Sneakiest Sources of Caffeine

If you’ve ever had a cup of coffee, glass of iced tea, or sip of soda, you know how great that perk of caffeine can be. But that perk comes with a few major drawbacks, the most critical being decreased sleep health. We’re going to outline what caffeine does to our bodies, how much we should consume in a day, and a few of the surprising everyday items that caffeine can be found in.

What Does Caffeine Do?

Caffeine is a natural stimulant. What this means is that it targets the central nervous system where it heads to our brains and causes us to feel more alert and awake. Inside the brain, it binds to adenosine receptors (interestingly enough, it is adenosine that makes us sleepy). But by binding to the receptors, caffeine prevents us from feeling fatigued. It also boosts adrenaline, making our hearts beat faster and even preventing dopamine from leaving the body.

It is often called a “drug,” because of how it changes our brain’s behavior. It causes our brains to make more and more adenosine receptors, meaning it requires more caffeine to keep us stimulated. It also bolsters the feel-good feelings of dopamine, making us crave it more.

How Much Caffeine is Too Much?

The experts at Mayo Clinic advise caffeine intake stay between 300-400mg per day. That’s around four mugs of regular coffee per day. Some of us stay well within those guidelines, but for many, it’s a hard habit to curb.
More worrying than the amount of caffeine in a single cup of coffee is the fact that we tend to consume it at the worst times of the day.

The National Sleep Foundation explains that “caffeine …can have a stimulating effect as soon as 15 minutes after it is consumed. Once in the body, caffeine will persist for several hours: it takes about 6 hours for one half of the caffeine to be eliminated.”
So, at 3 o’clock in the afternoon, only half of the caffeine from your 9:00 a.m. coffee is out of your system. If you drink a single cup of coffee during the 5:00 p.m. commute home, it is still active at 11:00 p.m. that night.

Thus, it becomes important to curb intake and limit yourself to morning caffeine with an absolute cut off by around 2:00 p.m. each day if you hope to enjoy healthy sleep. And while you find caffeine in some of the most obvious sources, such as coffee, tea, soft drinks and energy drinks, there are some surprisingly sneaky sources that contain caffeine.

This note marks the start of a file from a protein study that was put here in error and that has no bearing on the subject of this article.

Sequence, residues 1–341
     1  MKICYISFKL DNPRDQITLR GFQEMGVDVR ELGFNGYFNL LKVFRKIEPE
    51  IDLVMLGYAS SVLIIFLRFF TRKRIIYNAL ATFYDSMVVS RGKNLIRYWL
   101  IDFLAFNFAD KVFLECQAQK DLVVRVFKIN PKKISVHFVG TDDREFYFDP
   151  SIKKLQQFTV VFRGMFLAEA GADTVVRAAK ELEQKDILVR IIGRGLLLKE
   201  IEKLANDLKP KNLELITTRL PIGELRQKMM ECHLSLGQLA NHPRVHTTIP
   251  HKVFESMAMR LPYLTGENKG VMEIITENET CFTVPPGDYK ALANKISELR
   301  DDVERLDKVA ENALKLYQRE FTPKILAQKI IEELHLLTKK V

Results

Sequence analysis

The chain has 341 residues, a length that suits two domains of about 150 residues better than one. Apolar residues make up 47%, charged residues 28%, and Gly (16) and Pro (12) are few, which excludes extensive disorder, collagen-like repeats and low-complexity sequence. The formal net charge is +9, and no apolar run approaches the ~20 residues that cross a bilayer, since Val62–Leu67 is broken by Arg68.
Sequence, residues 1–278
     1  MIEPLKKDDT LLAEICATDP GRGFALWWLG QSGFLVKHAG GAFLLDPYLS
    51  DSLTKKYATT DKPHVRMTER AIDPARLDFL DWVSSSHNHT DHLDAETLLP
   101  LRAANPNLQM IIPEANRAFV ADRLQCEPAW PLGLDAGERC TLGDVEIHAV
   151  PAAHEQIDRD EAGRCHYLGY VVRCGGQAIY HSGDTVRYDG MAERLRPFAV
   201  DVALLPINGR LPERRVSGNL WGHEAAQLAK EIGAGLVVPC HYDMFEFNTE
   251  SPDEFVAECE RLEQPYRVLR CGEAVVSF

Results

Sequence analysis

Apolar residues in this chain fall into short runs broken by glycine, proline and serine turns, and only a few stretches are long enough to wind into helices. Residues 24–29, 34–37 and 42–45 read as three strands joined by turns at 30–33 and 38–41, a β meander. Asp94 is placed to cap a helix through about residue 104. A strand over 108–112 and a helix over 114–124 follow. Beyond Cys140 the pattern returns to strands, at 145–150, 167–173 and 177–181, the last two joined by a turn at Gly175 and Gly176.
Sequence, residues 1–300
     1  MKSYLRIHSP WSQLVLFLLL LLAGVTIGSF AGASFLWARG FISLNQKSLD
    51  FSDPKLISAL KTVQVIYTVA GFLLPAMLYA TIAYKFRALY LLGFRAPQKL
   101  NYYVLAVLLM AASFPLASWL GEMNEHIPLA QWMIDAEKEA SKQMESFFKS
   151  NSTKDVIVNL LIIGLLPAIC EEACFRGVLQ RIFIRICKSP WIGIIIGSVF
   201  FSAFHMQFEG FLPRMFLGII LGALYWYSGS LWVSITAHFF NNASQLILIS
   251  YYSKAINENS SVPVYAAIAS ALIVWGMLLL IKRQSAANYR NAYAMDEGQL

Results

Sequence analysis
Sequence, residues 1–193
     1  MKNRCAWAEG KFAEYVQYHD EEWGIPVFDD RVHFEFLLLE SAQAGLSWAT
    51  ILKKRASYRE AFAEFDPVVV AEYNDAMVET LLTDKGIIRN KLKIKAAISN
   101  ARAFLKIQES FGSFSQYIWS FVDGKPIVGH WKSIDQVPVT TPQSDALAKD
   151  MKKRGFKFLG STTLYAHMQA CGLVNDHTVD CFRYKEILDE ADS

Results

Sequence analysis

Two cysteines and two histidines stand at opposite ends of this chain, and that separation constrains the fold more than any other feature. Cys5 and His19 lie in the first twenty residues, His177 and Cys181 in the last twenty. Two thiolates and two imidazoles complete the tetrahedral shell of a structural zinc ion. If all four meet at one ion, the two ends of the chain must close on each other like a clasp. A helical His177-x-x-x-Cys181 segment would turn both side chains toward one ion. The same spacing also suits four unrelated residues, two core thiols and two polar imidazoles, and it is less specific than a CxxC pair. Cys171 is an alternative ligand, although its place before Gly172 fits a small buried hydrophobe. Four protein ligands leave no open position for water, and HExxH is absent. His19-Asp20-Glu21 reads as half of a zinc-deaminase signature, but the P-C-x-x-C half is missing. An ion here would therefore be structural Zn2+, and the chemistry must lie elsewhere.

What Else Contains Caffeine?

The Center for Science in the Public Interest was concerned enough about sneaky sources of caffeine to do a study on the amounts of the stimulant found in many common items. Here’ what they discovered:

  • Decaf coffee has anywhere from two to ten milligrams of caffeine.
  • Certain teas, including chai, standard black tea, and bottled ice teas have anywhere from 23 to 95 milligrams of caffeine. Decaf teas contain up to five milligrams.
  • Colas and soft drinks contain 22 to a whopping 115 milligrams of caffeine.
  • Energy drinks and waters showed some of the most surprising results with counts ranging from 50 to more than 350 milligrams per serving.
  • The average chocolate bar (Hershey’s brand) features around 9 milligrams per every 1.6-ounce serving, and chocolate or coffee flavored ice creams range from less than a single milligram to around 30 milligrams

OTC pills including pain relievers have around 64 to 120 milligrams, but some weight loss supplements boast as much as 300mg in a single two capsule dose.

Even a few energy bars made the list, though most were limited to around 1 mg per 40g of energy bar.
It is important to be vigilant about caffeine intake and limit yourself to 300 mg or less per day. Be sure to watch for those sneaky culprits too because even a small amount of caffeine after 2:00 p.m. might negatively affect your sleep.

“Caffeine: How Much is Too Much?”. Mayo Clinic. https://www.mayoclinic.org/healthy-lifestyle/nutrition-and-healthy-eating/in-depth/caffeine/art-20045678
“Caffeine and Sleep”. National Sleep Foundation. https://sleepfoundation.org/sleep-topics/caffeine-and-sleep
“Caffeine Chart”. Center for Science in the Public Interest. https://cspinet.org/eating-healthy/ingredients-of-concern/caffeine-chart
Published on: July 5th, 2017 by: Leah Perri

Last modified on December 12th, 2017



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